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Wood River, Illinois and “The Chilton”

September 24th, 2013 Sears Homes 1 comment

For about a dozen years, I lived in Alton, Illinois. In fact, that’s where I researched and wrote The Houses That Sears Built.

Last week, I returned to Alton to visit family.

Of course, I couldn’t resist driving around my old stomping grounds a bit and looking at the old houses. I left the area in Spring 2006. Since then, I’ve acquired many “new” old catalogs and learned a great deal. While in the Riverbend area last week, I made many “fresh” discoveries.

One of the more interesting finds was this Sterling “Chilton” in nearby Wood River, Illinois

Sterling was based in Bay City, Michigan, and was one of six national companies that sold kit homes in the early 20th Century through mail-order catalogs.

They started out life as International Mill and Timber Company, and in 1915, they launched their own line of pre-cut kit homes, and re-named their company, “Sterling Homes.”

Sterling Homes offered construction services for developers and one of their largest clients turned out to be General Motors, which paid for 1,000 houses to be built in Flint Michigan (for GM workers). Their last catalog was printed in 1974. Total sales during their 59 years in business were about 45,000 homes. (Thanks to Dale Wolicki for the stats and facts on Sterling!)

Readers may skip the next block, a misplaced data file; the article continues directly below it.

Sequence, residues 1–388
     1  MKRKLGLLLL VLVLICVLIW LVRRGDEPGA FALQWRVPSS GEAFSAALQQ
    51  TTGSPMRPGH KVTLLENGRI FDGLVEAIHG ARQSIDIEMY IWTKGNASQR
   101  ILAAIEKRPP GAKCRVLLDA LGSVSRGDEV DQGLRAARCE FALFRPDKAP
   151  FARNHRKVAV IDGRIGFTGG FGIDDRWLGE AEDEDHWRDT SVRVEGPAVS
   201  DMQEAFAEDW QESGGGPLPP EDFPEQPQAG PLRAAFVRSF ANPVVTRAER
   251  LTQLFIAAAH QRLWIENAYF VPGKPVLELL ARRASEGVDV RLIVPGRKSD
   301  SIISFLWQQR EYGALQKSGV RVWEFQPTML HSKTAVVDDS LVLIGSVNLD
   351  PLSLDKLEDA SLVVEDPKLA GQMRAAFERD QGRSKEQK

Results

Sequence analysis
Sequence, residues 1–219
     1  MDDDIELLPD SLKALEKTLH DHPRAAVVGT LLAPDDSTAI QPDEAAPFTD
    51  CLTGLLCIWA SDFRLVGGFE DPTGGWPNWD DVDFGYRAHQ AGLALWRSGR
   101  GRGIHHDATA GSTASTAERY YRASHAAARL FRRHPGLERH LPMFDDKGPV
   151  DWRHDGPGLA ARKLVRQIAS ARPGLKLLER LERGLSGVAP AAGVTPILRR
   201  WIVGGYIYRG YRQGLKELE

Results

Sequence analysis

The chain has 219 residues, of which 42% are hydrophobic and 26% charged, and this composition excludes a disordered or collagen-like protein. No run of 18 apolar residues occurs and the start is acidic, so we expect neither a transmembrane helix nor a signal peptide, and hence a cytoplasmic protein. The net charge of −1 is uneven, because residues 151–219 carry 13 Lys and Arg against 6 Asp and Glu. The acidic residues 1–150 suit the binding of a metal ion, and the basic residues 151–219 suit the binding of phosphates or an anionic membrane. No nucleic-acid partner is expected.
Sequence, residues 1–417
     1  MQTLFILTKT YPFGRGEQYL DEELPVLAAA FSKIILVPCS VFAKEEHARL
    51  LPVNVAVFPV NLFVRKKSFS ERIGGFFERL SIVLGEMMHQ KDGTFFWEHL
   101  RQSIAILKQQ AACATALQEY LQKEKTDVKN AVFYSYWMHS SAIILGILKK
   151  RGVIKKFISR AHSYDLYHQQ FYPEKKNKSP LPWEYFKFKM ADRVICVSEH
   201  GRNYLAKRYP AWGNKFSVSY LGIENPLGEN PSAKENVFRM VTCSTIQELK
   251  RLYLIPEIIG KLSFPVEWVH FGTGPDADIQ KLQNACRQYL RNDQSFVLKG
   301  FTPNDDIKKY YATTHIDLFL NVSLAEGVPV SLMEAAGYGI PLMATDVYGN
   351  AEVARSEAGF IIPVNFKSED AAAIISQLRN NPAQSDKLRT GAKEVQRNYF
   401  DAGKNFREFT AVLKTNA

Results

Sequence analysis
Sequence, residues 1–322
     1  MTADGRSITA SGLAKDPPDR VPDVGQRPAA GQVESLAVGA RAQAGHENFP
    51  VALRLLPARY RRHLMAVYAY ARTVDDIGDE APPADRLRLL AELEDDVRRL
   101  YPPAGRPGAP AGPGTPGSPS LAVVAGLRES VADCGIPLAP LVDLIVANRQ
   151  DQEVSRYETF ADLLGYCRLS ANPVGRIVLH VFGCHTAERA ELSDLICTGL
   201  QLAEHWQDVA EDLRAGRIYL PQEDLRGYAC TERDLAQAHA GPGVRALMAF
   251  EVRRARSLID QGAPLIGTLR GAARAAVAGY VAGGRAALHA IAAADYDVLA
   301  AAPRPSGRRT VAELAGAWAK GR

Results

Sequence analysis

Thanks to Rachel Shoemaker for providing me with the scanned images from the 1917 Sterling Homes catalog!

Learn more about the history of Sterling Homes by clicking here.

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The Sterling Chilton, from the 1917 Sterling Homes catalog.

The Sterling Chilton, from the 1917 Sterling Homes catalog.

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Sterling Homes was based in Bay City, Michigan, and while they were a national company, they were probably one of the smallest companies selling kit homes through mail order.